The Bankruptcy Code (Title 11, United States Code, Section 101 et. seq.) is separated into Chapters. Some of these Chapters contain laws and general provisions that apply to all or most all bankruptcy cases. A few of these Chapters actually contain the specific laws that provide particular kinds of bankruptcy relief to individual debtors, including Chapter 7, and this is why we say “the debtor filed a Chapter 7 bankruptcy.”

Chapter 7 creates a process that allows debtors to get a discharge from their debts so that they can start their financial lives over. Chapter 7 creates a bold “line in the sand” which is the date of the filing of the petition. All debts that arose before that date are discharged, with a few exceptions. All debts that arise after that date are not discharged. The debtor gets to keep or protect certain property that is claimed as “exempt” in Chapter 7.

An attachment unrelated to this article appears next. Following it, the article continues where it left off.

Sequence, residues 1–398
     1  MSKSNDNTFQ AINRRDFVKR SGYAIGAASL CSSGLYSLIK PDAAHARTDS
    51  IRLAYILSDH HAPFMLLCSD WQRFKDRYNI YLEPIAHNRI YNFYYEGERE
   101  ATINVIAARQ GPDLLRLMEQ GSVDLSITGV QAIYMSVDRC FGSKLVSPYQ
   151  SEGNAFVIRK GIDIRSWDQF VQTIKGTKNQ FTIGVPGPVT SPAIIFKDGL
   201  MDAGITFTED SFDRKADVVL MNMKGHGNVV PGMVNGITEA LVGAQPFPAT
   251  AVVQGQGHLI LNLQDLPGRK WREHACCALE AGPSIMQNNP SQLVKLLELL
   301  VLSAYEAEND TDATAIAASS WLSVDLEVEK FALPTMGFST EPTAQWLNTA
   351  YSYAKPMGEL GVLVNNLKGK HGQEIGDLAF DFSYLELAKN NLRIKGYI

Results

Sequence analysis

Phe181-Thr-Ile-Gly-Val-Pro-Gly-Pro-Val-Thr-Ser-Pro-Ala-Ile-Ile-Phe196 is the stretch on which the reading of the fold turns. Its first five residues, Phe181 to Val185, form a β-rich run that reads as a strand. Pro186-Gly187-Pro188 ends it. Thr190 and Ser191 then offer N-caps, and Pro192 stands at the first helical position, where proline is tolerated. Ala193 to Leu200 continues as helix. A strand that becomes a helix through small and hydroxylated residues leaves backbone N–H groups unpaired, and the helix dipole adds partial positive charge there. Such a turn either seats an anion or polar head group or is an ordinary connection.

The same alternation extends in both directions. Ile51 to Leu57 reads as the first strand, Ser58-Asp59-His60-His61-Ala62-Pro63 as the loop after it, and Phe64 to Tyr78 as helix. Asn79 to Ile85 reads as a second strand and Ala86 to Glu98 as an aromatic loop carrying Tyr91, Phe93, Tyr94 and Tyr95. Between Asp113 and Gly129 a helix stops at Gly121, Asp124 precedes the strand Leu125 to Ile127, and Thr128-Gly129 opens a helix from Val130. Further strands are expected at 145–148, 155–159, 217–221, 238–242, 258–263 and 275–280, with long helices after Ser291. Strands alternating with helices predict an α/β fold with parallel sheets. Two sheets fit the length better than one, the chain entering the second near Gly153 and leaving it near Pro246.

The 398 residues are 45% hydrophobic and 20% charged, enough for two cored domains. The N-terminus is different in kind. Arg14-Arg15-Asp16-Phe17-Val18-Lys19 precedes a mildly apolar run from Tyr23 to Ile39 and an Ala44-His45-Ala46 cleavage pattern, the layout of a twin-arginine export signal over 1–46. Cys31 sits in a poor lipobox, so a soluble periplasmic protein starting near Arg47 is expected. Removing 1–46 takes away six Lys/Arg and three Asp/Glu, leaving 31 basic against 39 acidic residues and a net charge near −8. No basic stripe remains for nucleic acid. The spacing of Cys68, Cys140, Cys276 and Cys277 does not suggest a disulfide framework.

If there is any unprotected property, it is collected and sold by the Bankruptcy Trustee and the surplus proceeds are distributed pro rata to creditors. Sometimes Chapter 7 cases are called “liquidations”, but in reality, the overwhelming majority of cases pass through the system without the Trustee selling or liquidating any property; these cases are called “no asset cases” and they make up the huge majority of all cases filed.